House Passes Leadership Term Limits, Source of Income Protections for Renters
The Illinois House advanced several bills Thursday, including one which would implement term limits on leadership positions in the General Assembly and another that would create additional protections for tenants’ sources of income.
House Bill 642, introduced by Rep. Anthony DeLuca, D-Chicago Heights, would bar any individual from serving more than 10 consecutive years in a leadership position in the General Assembly, including speaker of the House, president of the Senate, and minority leadership positions in each house.
The bill would take effect for any legislators seated on or after January 12, 2022.
“This is a big moment for reform in the state of Illinois,” DeLuca said on the house floor Thursday.
While the Illinois House and Senate both passed term limits on party leadership in their respective chamber rules in January, the new bill would enforce the term limits through state statute.
The rule changes come on the heels of former Speaker Michael Madigan being ousted following his record 36 years as speaker between 1983 and the election of Speaker Emanuel “Chris” Welch in January.
On the house floor, DeLuca credited Welch for pushing for the new term limits.
“All of us here know how things work in Springfield, we included term limits in our rules, that in itself was very historic,” DeLuca said. “This takes it to an entirely new level, and it would not have happened without the support of Speaker Welch.”
House Bill 642 passed with no votes against in the House and will be sent to the Senate.
Source of income protections
The House also passed House Bill 2775, introduced by Rep. La Shawn Ford, D-Chicago.
The bill amends the state’s Homelessness Prevention Act by creating additional legal defenses for renters and protections against discrimination based on source of income, as well as preventing undue administrative burdens when applying for housing assistance.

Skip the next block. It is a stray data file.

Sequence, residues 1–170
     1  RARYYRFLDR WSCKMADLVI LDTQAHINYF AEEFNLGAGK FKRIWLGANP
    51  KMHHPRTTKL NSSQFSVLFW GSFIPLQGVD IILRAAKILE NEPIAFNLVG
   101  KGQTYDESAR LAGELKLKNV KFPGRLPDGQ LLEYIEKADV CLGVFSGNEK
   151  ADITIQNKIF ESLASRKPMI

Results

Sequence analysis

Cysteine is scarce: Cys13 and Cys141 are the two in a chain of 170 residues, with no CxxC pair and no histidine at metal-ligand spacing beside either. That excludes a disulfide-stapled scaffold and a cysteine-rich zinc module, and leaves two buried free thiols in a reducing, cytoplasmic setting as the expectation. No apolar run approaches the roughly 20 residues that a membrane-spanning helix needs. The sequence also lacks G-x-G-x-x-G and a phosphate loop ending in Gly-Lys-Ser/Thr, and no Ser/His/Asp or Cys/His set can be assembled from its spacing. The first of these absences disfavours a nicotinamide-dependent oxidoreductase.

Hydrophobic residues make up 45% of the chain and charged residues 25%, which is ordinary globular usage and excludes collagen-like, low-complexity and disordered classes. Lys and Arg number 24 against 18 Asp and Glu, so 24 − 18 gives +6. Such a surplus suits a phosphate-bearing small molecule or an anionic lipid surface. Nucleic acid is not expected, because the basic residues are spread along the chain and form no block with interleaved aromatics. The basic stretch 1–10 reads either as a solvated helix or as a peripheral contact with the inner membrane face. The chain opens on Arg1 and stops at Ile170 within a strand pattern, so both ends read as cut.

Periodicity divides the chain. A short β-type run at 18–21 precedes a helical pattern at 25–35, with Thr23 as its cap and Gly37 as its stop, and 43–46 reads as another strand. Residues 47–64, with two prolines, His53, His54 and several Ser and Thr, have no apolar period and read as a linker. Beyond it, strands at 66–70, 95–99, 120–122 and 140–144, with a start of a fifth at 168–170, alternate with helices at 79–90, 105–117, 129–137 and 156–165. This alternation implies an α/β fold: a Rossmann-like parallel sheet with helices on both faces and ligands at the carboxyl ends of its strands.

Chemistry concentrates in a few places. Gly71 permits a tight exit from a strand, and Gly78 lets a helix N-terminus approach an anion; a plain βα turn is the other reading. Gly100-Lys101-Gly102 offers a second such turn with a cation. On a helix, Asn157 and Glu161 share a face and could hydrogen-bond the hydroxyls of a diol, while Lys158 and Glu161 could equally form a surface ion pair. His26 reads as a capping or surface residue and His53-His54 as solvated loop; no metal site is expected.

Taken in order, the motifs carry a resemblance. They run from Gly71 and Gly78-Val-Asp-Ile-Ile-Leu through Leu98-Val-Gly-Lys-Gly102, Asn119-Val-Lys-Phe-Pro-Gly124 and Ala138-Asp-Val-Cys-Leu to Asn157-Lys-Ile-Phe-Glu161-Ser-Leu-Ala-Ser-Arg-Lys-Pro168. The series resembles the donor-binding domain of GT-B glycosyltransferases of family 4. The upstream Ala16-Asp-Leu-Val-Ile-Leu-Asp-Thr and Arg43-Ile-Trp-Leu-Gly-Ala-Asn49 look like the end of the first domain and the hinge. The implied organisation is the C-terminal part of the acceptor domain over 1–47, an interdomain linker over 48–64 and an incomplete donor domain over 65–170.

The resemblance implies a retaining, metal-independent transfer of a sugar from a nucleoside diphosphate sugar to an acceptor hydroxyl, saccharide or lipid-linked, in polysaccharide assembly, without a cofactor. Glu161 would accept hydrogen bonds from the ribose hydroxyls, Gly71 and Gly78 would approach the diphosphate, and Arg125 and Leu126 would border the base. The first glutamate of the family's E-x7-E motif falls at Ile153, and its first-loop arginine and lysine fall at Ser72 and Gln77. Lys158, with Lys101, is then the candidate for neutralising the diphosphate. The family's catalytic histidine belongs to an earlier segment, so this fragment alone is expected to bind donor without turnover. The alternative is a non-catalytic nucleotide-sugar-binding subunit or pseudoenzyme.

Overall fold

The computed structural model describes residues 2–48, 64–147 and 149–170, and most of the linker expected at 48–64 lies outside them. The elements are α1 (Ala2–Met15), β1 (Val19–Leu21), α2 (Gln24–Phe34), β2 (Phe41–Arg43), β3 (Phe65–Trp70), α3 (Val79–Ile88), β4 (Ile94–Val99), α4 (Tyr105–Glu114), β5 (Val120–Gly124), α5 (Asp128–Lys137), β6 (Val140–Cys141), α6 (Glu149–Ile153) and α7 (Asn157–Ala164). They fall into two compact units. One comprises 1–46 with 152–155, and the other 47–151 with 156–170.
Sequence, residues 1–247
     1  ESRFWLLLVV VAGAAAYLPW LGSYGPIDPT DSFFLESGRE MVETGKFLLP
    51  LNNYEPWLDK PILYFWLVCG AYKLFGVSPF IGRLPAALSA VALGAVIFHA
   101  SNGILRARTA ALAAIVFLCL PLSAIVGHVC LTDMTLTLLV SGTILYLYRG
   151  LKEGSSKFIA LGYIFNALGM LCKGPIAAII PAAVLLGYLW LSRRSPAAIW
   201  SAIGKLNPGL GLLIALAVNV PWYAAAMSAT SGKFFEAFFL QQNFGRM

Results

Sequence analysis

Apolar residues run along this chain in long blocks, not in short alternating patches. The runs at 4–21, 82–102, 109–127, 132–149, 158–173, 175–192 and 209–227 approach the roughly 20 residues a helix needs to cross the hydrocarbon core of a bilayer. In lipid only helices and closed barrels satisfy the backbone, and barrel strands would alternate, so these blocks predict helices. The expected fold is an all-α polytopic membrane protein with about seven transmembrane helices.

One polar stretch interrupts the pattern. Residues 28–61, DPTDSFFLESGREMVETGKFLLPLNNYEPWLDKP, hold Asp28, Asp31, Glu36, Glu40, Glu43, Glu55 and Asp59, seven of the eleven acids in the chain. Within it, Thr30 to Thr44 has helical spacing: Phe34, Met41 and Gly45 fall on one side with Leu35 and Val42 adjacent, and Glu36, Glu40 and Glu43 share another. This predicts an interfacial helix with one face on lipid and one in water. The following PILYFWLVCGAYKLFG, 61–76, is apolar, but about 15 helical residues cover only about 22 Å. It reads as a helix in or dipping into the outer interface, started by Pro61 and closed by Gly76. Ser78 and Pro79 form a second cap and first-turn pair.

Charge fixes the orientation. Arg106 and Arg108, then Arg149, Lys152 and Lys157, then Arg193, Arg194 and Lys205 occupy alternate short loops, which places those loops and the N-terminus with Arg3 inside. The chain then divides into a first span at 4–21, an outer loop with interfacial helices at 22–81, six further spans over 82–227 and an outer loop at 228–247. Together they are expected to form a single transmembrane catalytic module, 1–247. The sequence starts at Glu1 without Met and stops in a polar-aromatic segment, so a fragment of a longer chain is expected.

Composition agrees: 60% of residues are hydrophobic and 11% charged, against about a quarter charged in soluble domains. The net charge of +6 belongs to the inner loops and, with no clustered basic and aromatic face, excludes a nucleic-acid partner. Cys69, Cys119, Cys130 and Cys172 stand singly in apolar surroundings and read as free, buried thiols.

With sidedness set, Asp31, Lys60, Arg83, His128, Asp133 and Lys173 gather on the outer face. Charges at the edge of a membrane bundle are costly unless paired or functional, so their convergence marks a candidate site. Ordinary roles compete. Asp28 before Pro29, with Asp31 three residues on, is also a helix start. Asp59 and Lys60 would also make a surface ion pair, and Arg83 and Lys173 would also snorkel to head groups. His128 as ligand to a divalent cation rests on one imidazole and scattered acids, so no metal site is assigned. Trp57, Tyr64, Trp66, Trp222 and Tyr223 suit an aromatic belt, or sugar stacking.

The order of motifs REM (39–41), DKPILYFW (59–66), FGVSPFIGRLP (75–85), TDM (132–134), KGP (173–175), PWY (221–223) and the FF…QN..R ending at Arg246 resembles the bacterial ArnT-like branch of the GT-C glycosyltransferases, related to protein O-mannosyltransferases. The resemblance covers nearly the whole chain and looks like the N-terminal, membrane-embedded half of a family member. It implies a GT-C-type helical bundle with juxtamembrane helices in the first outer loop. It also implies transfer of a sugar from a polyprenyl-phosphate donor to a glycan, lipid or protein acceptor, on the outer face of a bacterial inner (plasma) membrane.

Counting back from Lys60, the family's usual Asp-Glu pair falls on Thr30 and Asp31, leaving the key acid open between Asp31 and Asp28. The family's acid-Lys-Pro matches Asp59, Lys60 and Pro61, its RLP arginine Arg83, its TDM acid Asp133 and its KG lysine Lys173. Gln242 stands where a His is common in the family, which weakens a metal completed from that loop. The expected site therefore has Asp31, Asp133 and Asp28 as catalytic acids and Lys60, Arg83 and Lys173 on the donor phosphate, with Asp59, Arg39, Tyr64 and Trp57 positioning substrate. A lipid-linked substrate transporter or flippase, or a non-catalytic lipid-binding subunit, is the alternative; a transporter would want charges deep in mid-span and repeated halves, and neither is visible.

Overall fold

Protected sources of income under the bill would include various types of income including emergency housing assistance, social security, disability support, and federal Section 8 housing vouchers.
Ford said rental discrimination based on source of income is often a “proxy” for other factors that target communities of color and people with disabilities.
“Without source of income protections, landlords can discriminate against veterans, voucher holders, people with disabilities and older adults by refusing to accept their non-wage income,” Ford said.
“This new law would be critical to ensure a more just and equitable housing market across our state and to combat historic segregation and discrimination,” he added.
The bill states that a landlord commits a civil rights violation if they choose to apply an income or asset requirement to a tenant with a “non-wage source of income”.
Opponents of the bill, including Rep. Deanne Mazzochi, R-Elmhurst, said it would impose unnecessary restrictions and requirements on landlords.
“What this body seems to keep wanting to do is impose more burdens on the landlords, and I’d really like to know in what universe you get more affordable housing by making affordable housing harder to do,” Mazzochi said.
The bill passed by a 62-48 vote and will be sent to the Senate.
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